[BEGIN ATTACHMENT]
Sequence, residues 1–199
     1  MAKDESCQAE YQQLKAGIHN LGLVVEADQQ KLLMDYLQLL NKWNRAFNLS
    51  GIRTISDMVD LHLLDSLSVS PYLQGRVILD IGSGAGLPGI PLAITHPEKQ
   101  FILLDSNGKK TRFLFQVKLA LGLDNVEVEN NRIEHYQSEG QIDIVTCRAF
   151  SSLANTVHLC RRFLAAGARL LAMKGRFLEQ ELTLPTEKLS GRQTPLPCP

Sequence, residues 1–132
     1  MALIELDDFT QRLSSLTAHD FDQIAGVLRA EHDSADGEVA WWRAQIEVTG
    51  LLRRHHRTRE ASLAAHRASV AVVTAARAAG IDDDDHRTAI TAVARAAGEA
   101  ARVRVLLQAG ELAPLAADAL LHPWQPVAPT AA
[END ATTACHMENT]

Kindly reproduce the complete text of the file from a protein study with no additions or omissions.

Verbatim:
Sequence, residues 1–199
     1  MAKDESCQAE YQQLKAGIHN LGLVVEADQQ KLLMDYLQLL NKWNRAFNLS
    51  GIRTISDMVD LHLLDSLSVS PYLQGRVILD IGSGAGLPGI PLAITHPEKQ
   101  FILLDSNGKK TRFLFQVKLA LGLDNVEVEN NRIEHYQSEG QIDIVTCRAF
   151  SSLANTVHLC RRFLAAGARL LAMKGRFLEQ ELTLPTEKLS GRQTPLPCP

Sequence, residues 1–132
     1  MALIELDDFT QRLSSLTAHD FDQIAGVLRA EHDSADGEVA WWRAQIEVTG
    51  LLRRHHRTRE ASLAAHRASV AVVTAARAAG IDDDDHRTAI TAVARAAGEA
   101  ARVRVLLQAG ELAPLAADAL LHPWQPVAPT AA